Energy-efficient windows are windows that help to reduce the need to use artificial heating and cooling in homes. They are specially designed to reduce the impact of outdoor temperatures, such that the indoor temperature is not overridden. As a result, the house does not have to rely on the HVAC excessively for heating or cooling the home.
Over the years, technology has improved and its impact is felt also in the building construction industry. This is why most of the materials on the market these days are energy-efficient, to help cut down on the energy need of households. If the windows in your house are not energy-efficient, you can change them to energy-efficient replacement windows on the market.
What Factors Make Windows Energy-efficient
Energy-efficient windows are treated or designed to block out most of the heat coming from the sun and cold from outside the building. Meanwhile, it should be noted that not all windows are energy-efficient. Some factors make windows energy-efficient. Some of what makes windows energy-efficient include the following:
1. Low Emissivity (Low-E) Glass
Low-E glass is coated with a transparent coating that helps reduce the amount of heat passing through the glass while letting light through. The coating brings down the glass’s U-value, which is the measurement of how efficiently a window blocks non-solar heat loss or gain. A window is more energy-efficient according to how low its U-value is.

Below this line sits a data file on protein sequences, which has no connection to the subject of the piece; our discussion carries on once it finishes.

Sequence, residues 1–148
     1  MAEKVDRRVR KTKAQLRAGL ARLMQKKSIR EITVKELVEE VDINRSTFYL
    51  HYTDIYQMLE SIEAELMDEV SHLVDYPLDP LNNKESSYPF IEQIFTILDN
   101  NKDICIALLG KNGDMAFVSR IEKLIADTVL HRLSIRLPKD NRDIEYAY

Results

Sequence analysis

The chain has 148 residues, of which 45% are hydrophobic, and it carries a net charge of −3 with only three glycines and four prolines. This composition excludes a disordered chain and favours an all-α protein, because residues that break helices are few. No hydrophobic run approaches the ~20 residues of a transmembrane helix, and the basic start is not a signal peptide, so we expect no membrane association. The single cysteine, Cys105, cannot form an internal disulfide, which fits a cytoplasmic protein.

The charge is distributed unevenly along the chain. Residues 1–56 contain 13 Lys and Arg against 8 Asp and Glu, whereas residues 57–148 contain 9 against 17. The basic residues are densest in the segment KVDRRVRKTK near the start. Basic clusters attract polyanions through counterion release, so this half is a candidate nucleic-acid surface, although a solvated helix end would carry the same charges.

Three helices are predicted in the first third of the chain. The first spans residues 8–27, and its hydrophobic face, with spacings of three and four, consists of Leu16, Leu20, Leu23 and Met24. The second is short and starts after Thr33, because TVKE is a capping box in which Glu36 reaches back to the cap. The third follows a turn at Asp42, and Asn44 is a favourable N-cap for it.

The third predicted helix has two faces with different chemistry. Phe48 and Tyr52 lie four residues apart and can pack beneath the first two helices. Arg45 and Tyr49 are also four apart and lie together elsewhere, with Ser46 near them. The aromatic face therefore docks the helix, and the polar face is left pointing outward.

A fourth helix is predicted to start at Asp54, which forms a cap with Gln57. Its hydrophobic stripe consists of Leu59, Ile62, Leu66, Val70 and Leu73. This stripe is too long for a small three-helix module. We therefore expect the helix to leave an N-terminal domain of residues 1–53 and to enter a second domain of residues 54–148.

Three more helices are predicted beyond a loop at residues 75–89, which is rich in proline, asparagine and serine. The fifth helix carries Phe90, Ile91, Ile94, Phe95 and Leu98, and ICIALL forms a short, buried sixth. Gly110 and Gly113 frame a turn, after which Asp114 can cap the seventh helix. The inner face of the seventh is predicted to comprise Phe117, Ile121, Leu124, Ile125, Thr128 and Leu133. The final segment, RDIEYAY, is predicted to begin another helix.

2. Double Glazing
Double glazed windows are energy-efficient because their lower all kinds of heat transfer. Double glazing refers to a window design with two sheets of glass and argon gas between them to prevent heat transfer. This type of structural design of windows increases their efficiency against heat and cold. The ideal gap between the glasses should be 10-20 mm with argon gas filled in-between. The wider the gap, the higher the window’s efficiency (U-value).
3. Window Frames
The material used for framing windows also plays a crucial role in improving windows’ efficiency. Window frames that have low U-value help reduce the overall window’s U-value. Window frames made from uPVC, timber, and composite materials offer better insulation quality and thermal performance.
4. Weather Seals
Air tries to escape from or enter the home through little spaces around windows and doors. As a result, weather seals are installed around frames and sashes to prevent air escape from the home or intrusion from outside. Windows seals are necessary to improve the energy efficiency of windows.
5. Energy Rating Scheme
Windows are rated on the scale of 0 – 10 stars, which describes their performance regarding energy efficiency. The more stars a window has, the better is its performance. Consequently, when planning to buy replacement windows, check the number of stars the window has. This will ensure that you get the best value for your money.